This week, the US government declared war on the First Amendment after it filed an unprecedented indictment against WikiLeaks founder Julian Assange on 17 new counts of violating the Espionage Act of 1917, for his role in obtaining and publishing classified US military and diplomatic material in 2010. It appears the current Trump Administration has crossed over a Constitutional red line which previous US presidents couldn’t or wouldn’t do, and which now has profound implications regarding the First Amendment.
The superseding indictment brought by the United States Department of Justice carries grave implications in terms of the US Constitution and the concept of a Free Press as could affect the ability every single media outlet to cover or expose government wrongdoing. If the DOJ wins their case against Assange, it will establish a dire precedent – giving the US government the ability to decide who is, or who is not a journalist, allowing the state to try anyone it wants under the Espionage Act of 1917.
Moira Meltzer-Cohen, the attorney for US Army whistleblower Chelsea Manning (formerly known as Bradley Manning) stated:
“Up until now the Department Of Justice has been reticent to actually indict publishers for work implicating matters of national security, because the first amendment rights of the press and public are so constitutionally valuable. This signals a real shift, and sets a new precedent for the federal government’s desire to chill and even punish the vigorous exercise of the free press.”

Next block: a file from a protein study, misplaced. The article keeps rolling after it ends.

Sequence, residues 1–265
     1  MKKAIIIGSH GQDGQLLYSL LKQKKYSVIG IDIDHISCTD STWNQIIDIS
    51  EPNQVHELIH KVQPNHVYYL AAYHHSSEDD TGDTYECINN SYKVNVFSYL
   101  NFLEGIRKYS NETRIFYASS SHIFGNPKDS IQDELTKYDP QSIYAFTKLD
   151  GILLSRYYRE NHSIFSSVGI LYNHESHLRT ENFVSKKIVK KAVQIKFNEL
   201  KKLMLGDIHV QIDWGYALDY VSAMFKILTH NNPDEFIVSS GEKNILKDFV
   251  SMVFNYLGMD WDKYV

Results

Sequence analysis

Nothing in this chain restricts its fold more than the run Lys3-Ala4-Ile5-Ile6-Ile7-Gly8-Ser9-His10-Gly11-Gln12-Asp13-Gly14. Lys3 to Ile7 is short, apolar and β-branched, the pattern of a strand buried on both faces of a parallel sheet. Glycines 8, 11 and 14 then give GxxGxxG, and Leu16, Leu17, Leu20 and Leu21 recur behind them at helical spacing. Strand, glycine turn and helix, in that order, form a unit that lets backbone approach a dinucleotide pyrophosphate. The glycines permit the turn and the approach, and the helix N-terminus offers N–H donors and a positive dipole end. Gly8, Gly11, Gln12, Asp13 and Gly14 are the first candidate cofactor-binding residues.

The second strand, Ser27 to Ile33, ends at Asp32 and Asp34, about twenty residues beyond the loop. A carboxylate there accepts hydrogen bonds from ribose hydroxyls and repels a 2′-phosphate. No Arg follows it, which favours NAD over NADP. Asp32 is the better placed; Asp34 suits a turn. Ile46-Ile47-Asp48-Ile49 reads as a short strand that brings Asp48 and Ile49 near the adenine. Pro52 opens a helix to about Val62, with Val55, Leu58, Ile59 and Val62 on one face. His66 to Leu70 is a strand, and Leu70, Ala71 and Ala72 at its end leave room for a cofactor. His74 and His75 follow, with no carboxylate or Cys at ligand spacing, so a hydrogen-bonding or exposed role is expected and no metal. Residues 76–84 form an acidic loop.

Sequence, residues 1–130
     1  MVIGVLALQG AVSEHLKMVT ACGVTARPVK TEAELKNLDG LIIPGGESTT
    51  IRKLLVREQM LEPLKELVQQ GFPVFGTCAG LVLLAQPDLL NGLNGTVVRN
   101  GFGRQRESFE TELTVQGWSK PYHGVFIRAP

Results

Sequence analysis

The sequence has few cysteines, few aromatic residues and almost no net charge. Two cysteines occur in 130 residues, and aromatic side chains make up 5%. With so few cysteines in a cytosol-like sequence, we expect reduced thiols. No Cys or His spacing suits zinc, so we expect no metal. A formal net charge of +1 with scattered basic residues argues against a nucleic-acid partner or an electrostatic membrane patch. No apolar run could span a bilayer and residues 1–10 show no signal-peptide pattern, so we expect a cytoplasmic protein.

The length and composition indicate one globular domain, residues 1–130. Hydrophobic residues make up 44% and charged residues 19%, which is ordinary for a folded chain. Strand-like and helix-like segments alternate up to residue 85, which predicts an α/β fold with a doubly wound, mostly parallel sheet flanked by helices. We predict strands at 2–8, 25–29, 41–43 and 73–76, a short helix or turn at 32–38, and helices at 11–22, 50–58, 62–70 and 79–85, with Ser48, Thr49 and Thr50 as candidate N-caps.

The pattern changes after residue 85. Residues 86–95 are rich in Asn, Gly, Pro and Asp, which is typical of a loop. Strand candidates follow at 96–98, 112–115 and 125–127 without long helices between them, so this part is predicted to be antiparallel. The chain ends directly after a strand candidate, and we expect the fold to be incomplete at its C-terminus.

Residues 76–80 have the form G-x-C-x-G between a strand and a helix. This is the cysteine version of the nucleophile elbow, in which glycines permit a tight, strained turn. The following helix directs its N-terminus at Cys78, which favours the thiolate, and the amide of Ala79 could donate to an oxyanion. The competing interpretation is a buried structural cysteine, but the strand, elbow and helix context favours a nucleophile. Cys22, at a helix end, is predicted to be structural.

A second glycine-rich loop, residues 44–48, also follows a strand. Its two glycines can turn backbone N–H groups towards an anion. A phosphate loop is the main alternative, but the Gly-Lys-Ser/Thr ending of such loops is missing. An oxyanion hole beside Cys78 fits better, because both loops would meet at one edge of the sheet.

21st Century WIRE editor Patrick Henningsen spoke to RT International the day this story broke, and focused on the spurious nature of the DOJ indictment which appears to follow a familiar pattern of politicized indictments which are not founded on fact, but rather to wrestle control of the information space and control the geopolitical narrative. The DOJ charge sheet is peppered with inflated rhetoric and elaborate legalese which is clearly designed to side-step the US Constitution by re-framing the story from journalism and publishing to espionage, thus removing any journalist/publisher protections from Assange and WikiLeaks. Henningsen also notes that there is nothing in this new indictment that hasn’t already been publicly known for the last six years – all of which was already heard during the trial of Chelsea Manning.
According to former Guardian editor Alan Rusbridger:
“The Espionage Act was a panic measure enacted by Congress to clamp down on dissent or “sedition” when the US entered the First World War in 1917. In the subsequent 102 years it has never been used to prosecute a media organisation for publishing or disseminating unlawfully disclosed classified information. Nobody prosecuted under the act is permitted to offer a public interest defence.”
As a result of the DOJ’s declared war on the practice of journalism in collusion with their proxies in the UK, Ecuador and Sweden to claim global jurisdiction to prosecute any person on the planet for publishing government war crimes and corruption, media watchdog and rights groups are now finally pushing back against the new DOJ leveled against Assange.
* This article was automatically syndicated and expanded from 21st Century Wire.